Left: camera two. Right: camera one. (click to enlarge)

Presuming neither video is missing any frames, this gives us 0.4-0.6 seconds for the impact fireball to erupt before the next frame was taken by camera two. With camera one we have about 0.2-0.5 seconds for the same phenomenon, explaining the overelming brightness of the younger burst recorded there. In short, at that frame rate and those speeds, we should expect exactly one frame of the plane from each camera’s view, no more and no less.
The explosion: what's the time lag in these corresponding frames?
Now to the analysis presented by a fellow member at Above Top Secret (screen name“Zebra”) whose well made website alleges that one frame is missing from each camera’s record just as the plane enters. Seeing the plane nosing into cam 1 and fully present in cam 2, he saw two different frames and wondered why there weren’t corresponding frames for the nosing-in phase on cam 2 or the fully-present phase in cam 1. After the analysis above, it’s clear however that if such frames did exist and were excised, this means the plane flew about 130-feet between the frames, given the ASCE’s numbers, which roughly jive with my own.

At one second apart, that gives it a speed of 72 mph between the two stages. To cover the remaining distance from the fully-present stage to the building’s wall (320 feet) at that rate would take it three seconds, necessitating another three frames missing from each camera’s record. In fact, I'm pretty sure airliners stop flying altogether when they get down to 72 mph.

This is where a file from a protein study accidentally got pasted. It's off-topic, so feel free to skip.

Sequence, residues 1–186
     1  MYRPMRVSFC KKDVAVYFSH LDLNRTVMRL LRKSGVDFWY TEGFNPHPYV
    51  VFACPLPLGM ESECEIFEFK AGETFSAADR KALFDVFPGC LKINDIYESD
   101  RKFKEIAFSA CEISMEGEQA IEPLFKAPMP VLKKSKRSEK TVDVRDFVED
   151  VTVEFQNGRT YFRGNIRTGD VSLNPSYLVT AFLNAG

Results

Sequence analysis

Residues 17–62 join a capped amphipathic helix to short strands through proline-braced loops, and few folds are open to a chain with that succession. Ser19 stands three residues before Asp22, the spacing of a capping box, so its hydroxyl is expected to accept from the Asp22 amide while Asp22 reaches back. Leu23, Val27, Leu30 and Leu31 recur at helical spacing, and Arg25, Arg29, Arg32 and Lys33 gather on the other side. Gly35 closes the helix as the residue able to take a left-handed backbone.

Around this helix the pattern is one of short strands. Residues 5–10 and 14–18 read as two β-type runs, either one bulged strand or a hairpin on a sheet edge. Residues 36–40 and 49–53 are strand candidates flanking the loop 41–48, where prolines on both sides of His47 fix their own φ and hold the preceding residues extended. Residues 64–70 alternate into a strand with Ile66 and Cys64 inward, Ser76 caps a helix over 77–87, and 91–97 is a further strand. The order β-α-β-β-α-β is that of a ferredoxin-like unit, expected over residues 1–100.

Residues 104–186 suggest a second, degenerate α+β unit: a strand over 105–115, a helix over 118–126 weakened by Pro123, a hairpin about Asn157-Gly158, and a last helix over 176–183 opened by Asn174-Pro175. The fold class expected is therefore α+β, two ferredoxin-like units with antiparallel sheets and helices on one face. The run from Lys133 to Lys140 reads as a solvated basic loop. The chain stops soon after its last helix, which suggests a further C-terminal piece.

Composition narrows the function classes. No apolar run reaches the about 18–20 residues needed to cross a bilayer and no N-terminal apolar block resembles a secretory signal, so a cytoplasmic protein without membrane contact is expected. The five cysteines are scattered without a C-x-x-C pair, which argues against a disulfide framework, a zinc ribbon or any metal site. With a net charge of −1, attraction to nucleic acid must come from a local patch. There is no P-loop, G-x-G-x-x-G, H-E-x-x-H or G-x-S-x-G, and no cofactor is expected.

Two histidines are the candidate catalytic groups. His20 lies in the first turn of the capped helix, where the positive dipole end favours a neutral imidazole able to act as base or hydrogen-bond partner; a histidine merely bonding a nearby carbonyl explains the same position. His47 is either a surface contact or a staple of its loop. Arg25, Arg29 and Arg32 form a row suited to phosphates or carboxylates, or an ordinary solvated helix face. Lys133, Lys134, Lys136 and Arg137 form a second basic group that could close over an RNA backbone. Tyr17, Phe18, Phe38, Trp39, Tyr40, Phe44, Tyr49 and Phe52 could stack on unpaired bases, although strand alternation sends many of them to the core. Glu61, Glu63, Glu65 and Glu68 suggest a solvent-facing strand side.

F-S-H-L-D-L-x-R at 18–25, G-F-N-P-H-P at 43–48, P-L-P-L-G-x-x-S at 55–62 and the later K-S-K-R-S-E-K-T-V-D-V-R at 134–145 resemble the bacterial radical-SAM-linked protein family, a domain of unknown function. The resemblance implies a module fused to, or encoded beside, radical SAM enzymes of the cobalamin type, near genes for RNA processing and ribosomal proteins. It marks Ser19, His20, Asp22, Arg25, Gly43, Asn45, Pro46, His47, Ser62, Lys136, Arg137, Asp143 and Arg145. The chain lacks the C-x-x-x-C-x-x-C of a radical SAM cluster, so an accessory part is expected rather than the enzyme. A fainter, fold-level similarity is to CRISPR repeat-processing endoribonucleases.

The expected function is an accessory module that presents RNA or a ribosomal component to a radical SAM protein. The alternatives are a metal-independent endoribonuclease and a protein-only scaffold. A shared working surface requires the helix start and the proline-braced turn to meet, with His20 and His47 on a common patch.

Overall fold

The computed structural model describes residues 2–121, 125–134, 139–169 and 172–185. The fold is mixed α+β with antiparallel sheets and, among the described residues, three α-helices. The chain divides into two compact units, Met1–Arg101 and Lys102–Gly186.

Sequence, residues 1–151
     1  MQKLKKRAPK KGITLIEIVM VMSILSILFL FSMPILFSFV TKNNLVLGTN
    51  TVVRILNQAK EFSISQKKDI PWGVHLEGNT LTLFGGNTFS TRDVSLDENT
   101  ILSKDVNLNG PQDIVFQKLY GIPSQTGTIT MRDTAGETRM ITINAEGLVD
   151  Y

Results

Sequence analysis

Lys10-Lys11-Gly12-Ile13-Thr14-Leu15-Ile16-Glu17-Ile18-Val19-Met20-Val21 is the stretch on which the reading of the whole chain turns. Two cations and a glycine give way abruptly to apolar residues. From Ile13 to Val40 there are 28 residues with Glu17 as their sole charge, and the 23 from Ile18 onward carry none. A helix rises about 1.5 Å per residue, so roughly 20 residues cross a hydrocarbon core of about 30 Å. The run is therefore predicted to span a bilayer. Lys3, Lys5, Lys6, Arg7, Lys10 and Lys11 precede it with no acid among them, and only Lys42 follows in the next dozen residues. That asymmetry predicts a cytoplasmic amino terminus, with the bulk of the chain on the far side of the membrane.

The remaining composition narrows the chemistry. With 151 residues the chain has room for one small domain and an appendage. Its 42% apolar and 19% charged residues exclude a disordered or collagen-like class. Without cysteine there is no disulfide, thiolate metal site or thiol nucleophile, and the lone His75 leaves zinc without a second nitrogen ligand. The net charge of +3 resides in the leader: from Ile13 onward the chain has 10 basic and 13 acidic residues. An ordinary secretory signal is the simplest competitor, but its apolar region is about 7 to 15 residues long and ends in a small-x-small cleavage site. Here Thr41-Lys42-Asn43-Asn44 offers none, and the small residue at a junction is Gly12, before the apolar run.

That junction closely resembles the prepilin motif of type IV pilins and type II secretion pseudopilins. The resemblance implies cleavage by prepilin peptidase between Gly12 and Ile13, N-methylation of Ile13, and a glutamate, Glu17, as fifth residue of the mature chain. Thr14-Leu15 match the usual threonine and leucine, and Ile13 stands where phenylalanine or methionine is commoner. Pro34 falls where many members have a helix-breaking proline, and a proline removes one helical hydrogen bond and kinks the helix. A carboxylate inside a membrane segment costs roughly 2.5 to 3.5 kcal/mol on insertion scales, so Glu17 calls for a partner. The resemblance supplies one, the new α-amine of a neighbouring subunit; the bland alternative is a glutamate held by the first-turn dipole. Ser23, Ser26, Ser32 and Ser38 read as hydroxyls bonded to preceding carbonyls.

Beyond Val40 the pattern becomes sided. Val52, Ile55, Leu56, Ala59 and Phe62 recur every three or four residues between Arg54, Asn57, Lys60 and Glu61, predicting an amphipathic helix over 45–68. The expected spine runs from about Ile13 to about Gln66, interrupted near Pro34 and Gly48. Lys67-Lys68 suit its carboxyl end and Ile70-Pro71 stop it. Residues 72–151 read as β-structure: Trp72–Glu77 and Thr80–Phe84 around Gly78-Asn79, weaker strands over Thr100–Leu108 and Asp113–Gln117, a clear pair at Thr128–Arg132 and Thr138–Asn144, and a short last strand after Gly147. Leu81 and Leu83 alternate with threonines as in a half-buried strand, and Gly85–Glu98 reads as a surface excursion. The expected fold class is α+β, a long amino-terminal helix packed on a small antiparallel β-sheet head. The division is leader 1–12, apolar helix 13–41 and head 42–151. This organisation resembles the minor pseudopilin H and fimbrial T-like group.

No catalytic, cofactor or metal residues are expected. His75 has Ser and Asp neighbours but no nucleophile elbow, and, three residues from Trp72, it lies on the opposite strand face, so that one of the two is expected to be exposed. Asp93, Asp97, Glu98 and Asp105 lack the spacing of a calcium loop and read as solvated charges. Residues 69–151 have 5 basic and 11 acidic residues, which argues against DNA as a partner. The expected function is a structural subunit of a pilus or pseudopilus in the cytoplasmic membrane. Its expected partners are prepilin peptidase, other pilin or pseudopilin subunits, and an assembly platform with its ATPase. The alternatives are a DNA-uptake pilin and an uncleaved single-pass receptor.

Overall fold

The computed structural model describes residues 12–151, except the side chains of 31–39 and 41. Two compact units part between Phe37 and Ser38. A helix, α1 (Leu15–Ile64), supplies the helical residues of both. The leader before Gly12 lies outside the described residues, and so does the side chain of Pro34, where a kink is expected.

So what else could account for the positional difference in the two frames we’ve seen? As Zebra summed up the possibilities, “either the speed of the flying object is tremendous or another incident with the camera generated a frame totally out of synchronization or those two frames are in fact 1 second apart and have each a corresponding frame missing in the other video.” My money’s going on the speed one. At even the slowest sample speed of 350 mph, that 130 foot difference would be covered in .2 seconds, and the higher speeds would in fact lessen the time difference needed. So 0.2 is the high end. and Zebra himself admits a delay of "no more than 0.1 second" (I'm not sure where he got this exact difference). At any rate, a difference of .2 seconds falls closer to the small time lag between the two cameras than it does to the frame interval within either camera. Judging from the differences in other correlary frames compared to frame-frame differences within a camera, I'd guess the time lage between them at noticeable but well under 0.5 seconds - anywhere from 0.1 to 0.3 and a perfect fit for the differences in the white blur frames.